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I have many .txt files with the following information in 4 columns and thousands of rows:

chr10 73121691 18 SLC29A3
chr10 73121692 14 SLC29A3
chr10 73121693 10 SLC29A3
chr10 73120590 15 SLC29A3
chr10 73120591 15 SLC29A3
chr10 73120592 6 SLC29A3
chr10 12345678 25 COL1A1
chr10 12345679 8 COL1A1
chr10 12345680 6 COL1A1
chr17 48431036 5 LRP5
chr17 48431037 8 LRP5
chr17 48431038 5 LRP5

What I would like as an output is the following:

chr10 73121691 - 73121693 , 14, SLC29A3
chr10 73120590 - 73120592 , 12, SLC29A3
chr10 12345679 - 12345680 , 13, COL1A1
chr17 48431036 - 48431038 , 6, LRP5

The chr# range of consecutive numbers, average of column 3 and name associated with the range.

Is there a script I could use to do this on multiple files in one go?

Thanks

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  • What is the column separator? Spaces or tabs? Is the input file sorted by chromosome and position? Also, will all numbers be consecutive? Or can you have multiple sets of consecutive numbers in the same chromosome?
    – terdon
    Feb 3, 2021 at 18:50
  • Thank you taking the time to format my input. The column separators are tabs. In the original excel file I concatenated the chr and position in a new column. I then sorted on the concatenated column. So it is separated on Chr and position. Yes you can have multiple sets of consecutive numbers in the same chromosome. I have tried code that was presented in a similar problem on this exchange but I was not successfull.
    – Gbardai
    Feb 3, 2021 at 20:34
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    @EdMorton based on the type of data, there should never be a different chr (chromosome) for the same SLC (gene), but there can be different genes on the same chromosome.
    – terdon
    Feb 4, 2021 at 9:55
  • @EdMorton, terdon is correct. I have updated the original post to clarify.
    – Gbardai
    Feb 4, 2021 at 13:16

2 Answers 2

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Every bioinformatician needs Datamash in their toolkit :)

$ datamash -W groupby 1 min 2 max 2 mean 3 unique 4 < tmp/data.txt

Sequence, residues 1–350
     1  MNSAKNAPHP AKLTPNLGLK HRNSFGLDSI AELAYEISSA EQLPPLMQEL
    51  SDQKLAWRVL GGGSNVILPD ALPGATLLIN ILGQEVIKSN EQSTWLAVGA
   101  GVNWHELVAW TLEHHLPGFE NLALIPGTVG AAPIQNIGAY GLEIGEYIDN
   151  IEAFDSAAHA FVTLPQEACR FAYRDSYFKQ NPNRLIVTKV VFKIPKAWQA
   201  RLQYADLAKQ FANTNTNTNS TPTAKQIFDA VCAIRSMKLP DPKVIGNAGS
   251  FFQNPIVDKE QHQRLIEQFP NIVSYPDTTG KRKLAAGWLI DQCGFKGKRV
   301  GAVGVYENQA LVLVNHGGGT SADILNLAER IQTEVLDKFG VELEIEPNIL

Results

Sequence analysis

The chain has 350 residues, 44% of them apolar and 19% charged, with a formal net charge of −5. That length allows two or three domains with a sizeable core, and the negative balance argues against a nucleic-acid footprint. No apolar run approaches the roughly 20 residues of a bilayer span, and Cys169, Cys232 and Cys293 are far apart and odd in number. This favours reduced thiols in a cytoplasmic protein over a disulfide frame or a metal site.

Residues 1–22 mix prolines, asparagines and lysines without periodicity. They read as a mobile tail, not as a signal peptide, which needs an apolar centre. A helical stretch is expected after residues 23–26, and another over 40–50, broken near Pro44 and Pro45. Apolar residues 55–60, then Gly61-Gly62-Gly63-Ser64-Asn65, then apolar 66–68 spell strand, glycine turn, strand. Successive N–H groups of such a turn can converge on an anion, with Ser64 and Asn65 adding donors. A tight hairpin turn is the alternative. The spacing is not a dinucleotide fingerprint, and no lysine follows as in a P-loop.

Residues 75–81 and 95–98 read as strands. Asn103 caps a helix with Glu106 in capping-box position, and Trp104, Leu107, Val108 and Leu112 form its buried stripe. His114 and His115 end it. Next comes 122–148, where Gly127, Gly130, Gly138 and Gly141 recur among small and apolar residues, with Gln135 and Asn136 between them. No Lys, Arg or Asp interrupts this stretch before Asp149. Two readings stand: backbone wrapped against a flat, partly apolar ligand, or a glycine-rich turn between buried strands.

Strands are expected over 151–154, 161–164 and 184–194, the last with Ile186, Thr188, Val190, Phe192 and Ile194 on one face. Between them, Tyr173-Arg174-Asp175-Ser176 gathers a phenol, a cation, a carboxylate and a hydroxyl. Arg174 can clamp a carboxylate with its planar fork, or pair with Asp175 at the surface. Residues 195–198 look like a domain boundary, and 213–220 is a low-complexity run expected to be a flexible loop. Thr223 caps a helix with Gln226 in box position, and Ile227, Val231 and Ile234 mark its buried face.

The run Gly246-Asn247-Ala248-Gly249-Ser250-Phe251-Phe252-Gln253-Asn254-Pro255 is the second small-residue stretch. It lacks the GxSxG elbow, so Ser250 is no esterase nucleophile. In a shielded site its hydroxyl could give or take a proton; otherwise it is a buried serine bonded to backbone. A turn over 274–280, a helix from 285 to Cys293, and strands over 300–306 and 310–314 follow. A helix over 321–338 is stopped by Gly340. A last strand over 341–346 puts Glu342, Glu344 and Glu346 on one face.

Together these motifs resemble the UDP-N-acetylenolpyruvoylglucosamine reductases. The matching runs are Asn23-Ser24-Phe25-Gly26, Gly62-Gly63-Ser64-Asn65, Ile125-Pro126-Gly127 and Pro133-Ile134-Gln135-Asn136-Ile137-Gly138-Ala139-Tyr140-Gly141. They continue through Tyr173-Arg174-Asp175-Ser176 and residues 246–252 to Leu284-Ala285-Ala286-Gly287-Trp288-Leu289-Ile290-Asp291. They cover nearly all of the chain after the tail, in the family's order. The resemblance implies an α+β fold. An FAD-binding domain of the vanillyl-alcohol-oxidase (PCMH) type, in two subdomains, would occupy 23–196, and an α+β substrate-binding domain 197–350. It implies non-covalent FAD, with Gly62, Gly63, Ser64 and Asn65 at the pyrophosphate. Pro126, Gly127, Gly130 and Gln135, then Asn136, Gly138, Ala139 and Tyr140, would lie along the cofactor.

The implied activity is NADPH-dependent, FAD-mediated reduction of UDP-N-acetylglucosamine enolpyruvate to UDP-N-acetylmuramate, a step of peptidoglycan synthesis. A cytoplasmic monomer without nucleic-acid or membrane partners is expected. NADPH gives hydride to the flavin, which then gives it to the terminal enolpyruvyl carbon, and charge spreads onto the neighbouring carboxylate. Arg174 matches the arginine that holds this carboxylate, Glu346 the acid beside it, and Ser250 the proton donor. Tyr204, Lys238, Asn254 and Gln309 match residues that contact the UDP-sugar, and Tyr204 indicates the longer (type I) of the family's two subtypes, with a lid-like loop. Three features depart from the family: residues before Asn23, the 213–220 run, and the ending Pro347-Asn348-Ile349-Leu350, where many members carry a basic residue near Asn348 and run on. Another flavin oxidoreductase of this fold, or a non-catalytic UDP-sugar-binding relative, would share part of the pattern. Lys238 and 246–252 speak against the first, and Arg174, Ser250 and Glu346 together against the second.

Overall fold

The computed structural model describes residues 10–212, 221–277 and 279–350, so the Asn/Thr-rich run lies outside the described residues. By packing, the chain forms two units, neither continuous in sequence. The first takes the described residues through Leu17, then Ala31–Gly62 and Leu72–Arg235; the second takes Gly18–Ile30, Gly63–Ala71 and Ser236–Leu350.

chr10   73121691        73121693        14      SLC29A3
chr17   48431036        48431038        6       LRP5

The numbers in the command line arguments refer to columns. So, we are grouping by column 1, giving the min & max (range) of column 2, the mean of column 3, and a comma-separated list of corresponding entries from column 4.

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  • 1
    Thanks. After you posted your reply I significantly edited my original question. I used Datamash, very good program btw, but it did not give me the desired output. However, it is definitely a program I will use.
    – Gbardai
    Feb 4, 2021 at 20:43
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This may be what you want depending on the answers to the questions in my comment:

$ cat tst.awk
$2 != (prev[2] + 1) {
    if (NR > 1) {
        prt()
    }
    split($0,beg)
    sum = cnt = 0
}
{
    split($0,prev)
    sum += $3
    cnt++
}
END { prt() }

function prt(   ave) {
    ave = (cnt ? sum / cnt : 0)
    print prev[1], beg[2], "-", prev[2], "," ave ",", prev[4]
}

$ awk -f tst.awk file
chr10 73121691 - 73121693 ,14, SLC29A3
chr10 73120590 - 73120592 ,12, SLC29A3
chr10 12345678 - 12345680 ,13, COL1A1
chr17 48431036 - 48431038 ,6, LRP5
2
  • Thank you it worked. I was using excel and vlookup to do this. Rather long and tedious. However, I compared your script to the excel vlookup and they match exactly. I know this may asking to much: Would it possible to explain in the script what exactly is happening. Thanks again.
    – Gbardai
    Feb 4, 2021 at 20:39
  • You're welcome. Please take a look at the man page, add some prints to it and figure out as much as you can yourself and then feel free to ask specific questions.
    – Ed Morton
    Feb 4, 2021 at 20:41

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